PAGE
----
Next Generation Science Standards

Addressing Scientific Argumentation: Assessing Student Claims

If you have started to look for ways to assess student work when they are writing out their claims and evidence essays, you might find this book chapter helpful. It features several student work samples and rubrics. See: Assessments and Student Samples
It is taken from the book, "Scientific Argumentation in Biology: 30 Classroom Activities available at the NSTA book store.
What other resources have you found to help us with integrating NGSS into our science curriculum?
Carolyn

Carolyn Mohr
Carolyn Mohr
84743 Activity Points

This chapter from Ready,Set, Science !, free through the NAP, is a good touch stone chapter about scientific argumentation Really find this quote important when considering what we commonly think of as argumentation and how it differs from scientific argumentation [url=http://www.nap.edu/openbook.php?record_id=11882&page=87]Making Thinking Visible: Talk and Argument[/url][i] Argumentation can take several different forms. It is important that educators and students recognize and understand the science-specific forms of argumentation and how they differ from the common forms of argumentation in which people engage in daily life. For example, the kinds of arguments in which a person may participate with family members, friends, or acquaintances are often acrimonious or focused on the desire to make one’s point and “win” the argument. Or in the case of more formal debate, such as the kind politicians engage in, contestants are scored on their ability to “sell” an argument that favors a particular position. Both of these forms of argumentation differ from scientific argumentation in important ways. In science, the goals of argumentation are to promote as much understanding of a situation as possible and to persuade colleagues of the validity of a specific idea. Rather than trying to win an argument, as people often do in nonscience contexts, scientific argumentation is ideally about sharing, processing, and learning about ideas. Scientific argumentation is also governed by shared norms of participation. Scientific argumentation focuses on ideas, and any resulting criticism targets those ideas and observations, not the individuals who express them. Scientists understand that, ultimately, building scientific knowledge requires building theories that incorporate the largest number of valid observations possible. Thus, while scientists may strongly defend a particular theory, when presented with a persuasive claim that does not support their position, they know they must try to integrate it into their thinking. [/i]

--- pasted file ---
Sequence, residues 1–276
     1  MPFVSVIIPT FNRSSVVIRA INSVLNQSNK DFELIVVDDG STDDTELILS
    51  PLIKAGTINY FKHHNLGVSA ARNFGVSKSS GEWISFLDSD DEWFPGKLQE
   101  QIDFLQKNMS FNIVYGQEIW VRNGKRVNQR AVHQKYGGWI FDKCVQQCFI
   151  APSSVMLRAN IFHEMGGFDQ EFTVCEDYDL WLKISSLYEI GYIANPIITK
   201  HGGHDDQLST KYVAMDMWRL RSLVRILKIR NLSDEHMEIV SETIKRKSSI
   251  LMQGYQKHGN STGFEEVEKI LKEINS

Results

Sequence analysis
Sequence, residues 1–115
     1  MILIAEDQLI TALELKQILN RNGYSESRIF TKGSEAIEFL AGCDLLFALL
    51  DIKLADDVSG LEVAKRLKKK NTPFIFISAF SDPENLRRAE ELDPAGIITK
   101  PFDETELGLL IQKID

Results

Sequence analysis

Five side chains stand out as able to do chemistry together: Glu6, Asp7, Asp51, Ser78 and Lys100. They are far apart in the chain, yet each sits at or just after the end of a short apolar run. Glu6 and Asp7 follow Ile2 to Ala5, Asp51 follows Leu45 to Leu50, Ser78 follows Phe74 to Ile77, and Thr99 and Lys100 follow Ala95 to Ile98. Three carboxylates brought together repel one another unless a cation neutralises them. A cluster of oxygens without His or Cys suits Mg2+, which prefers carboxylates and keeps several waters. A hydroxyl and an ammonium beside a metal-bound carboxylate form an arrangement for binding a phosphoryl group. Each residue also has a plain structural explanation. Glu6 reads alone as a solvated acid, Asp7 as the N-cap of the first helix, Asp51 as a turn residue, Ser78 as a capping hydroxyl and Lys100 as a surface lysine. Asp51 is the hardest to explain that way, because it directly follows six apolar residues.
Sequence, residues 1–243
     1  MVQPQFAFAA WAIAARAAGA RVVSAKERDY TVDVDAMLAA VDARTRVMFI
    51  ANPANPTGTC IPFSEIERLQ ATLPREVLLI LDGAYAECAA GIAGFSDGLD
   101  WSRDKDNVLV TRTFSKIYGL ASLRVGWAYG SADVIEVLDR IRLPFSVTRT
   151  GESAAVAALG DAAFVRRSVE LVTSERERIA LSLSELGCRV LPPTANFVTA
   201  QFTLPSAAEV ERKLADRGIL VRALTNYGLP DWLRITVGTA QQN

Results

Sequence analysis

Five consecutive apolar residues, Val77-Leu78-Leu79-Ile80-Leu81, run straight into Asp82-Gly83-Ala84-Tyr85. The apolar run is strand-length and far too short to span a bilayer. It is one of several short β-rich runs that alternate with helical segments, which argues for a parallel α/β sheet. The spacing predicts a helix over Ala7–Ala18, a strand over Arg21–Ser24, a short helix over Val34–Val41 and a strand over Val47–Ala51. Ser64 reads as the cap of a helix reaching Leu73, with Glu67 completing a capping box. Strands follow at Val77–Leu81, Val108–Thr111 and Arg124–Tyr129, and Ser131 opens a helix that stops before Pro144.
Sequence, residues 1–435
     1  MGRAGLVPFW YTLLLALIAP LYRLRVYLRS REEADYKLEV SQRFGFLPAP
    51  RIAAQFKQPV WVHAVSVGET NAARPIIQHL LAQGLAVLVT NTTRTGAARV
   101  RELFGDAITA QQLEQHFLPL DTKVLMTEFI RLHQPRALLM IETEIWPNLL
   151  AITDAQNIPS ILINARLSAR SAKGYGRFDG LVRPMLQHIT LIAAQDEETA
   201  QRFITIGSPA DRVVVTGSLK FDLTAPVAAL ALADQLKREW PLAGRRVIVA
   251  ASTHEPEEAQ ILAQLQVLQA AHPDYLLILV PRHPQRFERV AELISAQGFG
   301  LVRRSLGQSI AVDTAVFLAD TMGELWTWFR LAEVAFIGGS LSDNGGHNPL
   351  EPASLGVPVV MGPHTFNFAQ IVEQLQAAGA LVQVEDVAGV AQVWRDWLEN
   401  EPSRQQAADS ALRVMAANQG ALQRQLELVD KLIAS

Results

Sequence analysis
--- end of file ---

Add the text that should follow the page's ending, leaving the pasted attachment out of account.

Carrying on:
Arlene Jurewicz-Leighton
Arlene Jurewicz Leighton
43388 Activity Points

This chapter from Ready,Set, Science !, free through the NAP, is a good touch stone chapter about scientific argumentation Really find this quote important when considering what we commonly think of as argumentation and how it differs from scientific argumentation [url=http://www.nap.edu/openbook.php?record_id=11882&page=87]Making Thinking Visible: Talk and Argument[/url][i] Argumentation can take several different forms. It is important that educators and students recognize and understand the science-specific forms of argumentation and how they differ from the common forms of argumentation in which people engage in daily life. For example, the kinds of arguments in which a person may participate with family members, friends, or acquaintances are often acrimonious or focused on the desire to make one’s point and “win” the argument. Or in the case of more formal debate, such as the kind politicians engage in, contestants are scored on their ability to “sell” an argument that favors a particular position. Both of these forms of argumentation differ from scientific argumentation in important ways. In science, the goals of argumentation are to promote as much understanding of a situation as possible and to persuade colleagues of the validity of a specific idea. Rather than trying to win an argument, as people often do in nonscience contexts, scientific argumentation is ideally about sharing, processing, and learning about ideas. Scientific argumentation is also governed by shared norms of participation. Scientific argumentation focuses on ideas, and any resulting criticism targets those ideas and observations, not the individuals who express them. Scientists understand that, ultimately, building scientific knowledge requires building theories that incorporate the largest number of valid observations possible. Thus, while scientists may strongly defend a particular theory, when presented with a persuasive claim that does not support their position, they know they must try to integrate it into their thinking. [/i]